You’ve probably heard the term “hearsay,” but do you really know what it is? Read this post from a Memphis TN personal injury lawyer to learn more:
What is Hearsay?
According the Rules of Evidence, “hearsay” is a statement, other than one made by the declarant while testifying at a trial or hearing, offered in evidence to prove the truth of the matter asserted. Stated otherwise, hearsay is when a witness relays words or statement somebody else actually made. For example, testimony that begins, “And then after that, he said ______,” the words in the blank would constitute hearsay.
Let’s say you were in a car wreck and you’re trying to prove that it was Driver X’s fault. The only witness to the car accident, other than you, was a lady waiting at a bus stop. You talked to the lady after the wreck and she told you it was Driver X’s fault because Driver X was speeding and ran the red light. But, the lady was in a hurry, and you didn’t want to bother her by asking for her contact information.
At trial, you will not be allowed to testify about what the lady told you. You can’t testify that she said Driver X was speeding and ran the red light, because that would be hearsay. It is hearsay because you (the declarant) would be testifying at trial about a statement made by someone else (the lady witness), and you would be trying to use her statement to prove that Driver X was, in fact, speeding and at fault.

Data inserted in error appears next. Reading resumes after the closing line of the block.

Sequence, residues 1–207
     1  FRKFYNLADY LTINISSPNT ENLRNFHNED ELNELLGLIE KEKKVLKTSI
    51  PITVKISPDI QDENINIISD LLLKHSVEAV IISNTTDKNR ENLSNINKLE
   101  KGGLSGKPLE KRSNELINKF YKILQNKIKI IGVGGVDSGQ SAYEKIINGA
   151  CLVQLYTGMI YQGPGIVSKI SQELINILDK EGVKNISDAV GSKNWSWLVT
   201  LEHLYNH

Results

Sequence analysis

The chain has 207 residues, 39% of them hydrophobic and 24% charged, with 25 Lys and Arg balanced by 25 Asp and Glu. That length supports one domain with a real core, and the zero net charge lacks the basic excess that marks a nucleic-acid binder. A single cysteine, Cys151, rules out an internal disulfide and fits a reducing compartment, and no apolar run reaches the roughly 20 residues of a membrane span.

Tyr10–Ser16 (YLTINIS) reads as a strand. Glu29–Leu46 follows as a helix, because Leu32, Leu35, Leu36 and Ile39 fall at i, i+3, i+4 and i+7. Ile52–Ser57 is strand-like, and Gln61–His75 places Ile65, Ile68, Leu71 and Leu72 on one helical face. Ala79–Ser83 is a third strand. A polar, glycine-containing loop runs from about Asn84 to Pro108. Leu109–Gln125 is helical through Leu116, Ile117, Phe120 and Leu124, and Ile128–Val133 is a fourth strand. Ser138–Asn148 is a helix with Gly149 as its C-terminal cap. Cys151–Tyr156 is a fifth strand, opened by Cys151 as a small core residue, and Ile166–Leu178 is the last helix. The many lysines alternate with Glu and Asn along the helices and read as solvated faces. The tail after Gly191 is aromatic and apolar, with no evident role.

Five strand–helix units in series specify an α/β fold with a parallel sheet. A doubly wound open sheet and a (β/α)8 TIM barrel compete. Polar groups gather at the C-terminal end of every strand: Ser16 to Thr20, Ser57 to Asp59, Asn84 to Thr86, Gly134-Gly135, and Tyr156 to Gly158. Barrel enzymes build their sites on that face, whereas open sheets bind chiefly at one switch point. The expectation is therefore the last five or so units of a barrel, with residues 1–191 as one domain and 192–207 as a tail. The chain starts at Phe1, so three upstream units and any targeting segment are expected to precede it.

Many clients believe that if a police report assigns fault for the accident to the other driver, or if the other driver receives a citation, then it’s a slam dunk for their personal injury case. However, that is not necessarily true. In most states, a police report, and the statements contained within it, are hearsay and not admissible at trial to prove fault. This means you can’t just take a police report to trial with you to prove the other driver was at fault. If you have a witness, then the witness must come testify in-person himself/herself.
Witness Contact Information Matters!
Many people are reluctant to get contact information from witnesses to a car wreck, but you definitely should. Indeed, independent eyewitness testimony at trial is often the best evidence to have on your side. In fact, if you have favorable eyewitness testimony, it can make your case much easier to settle without having a trial.
If you need help with your car wreck case, contact a skilled attorney today.
Thanks to our friends and contributors at Wiseman Bray PLLC who have significant experience fighting for car accident victims in Tennessee.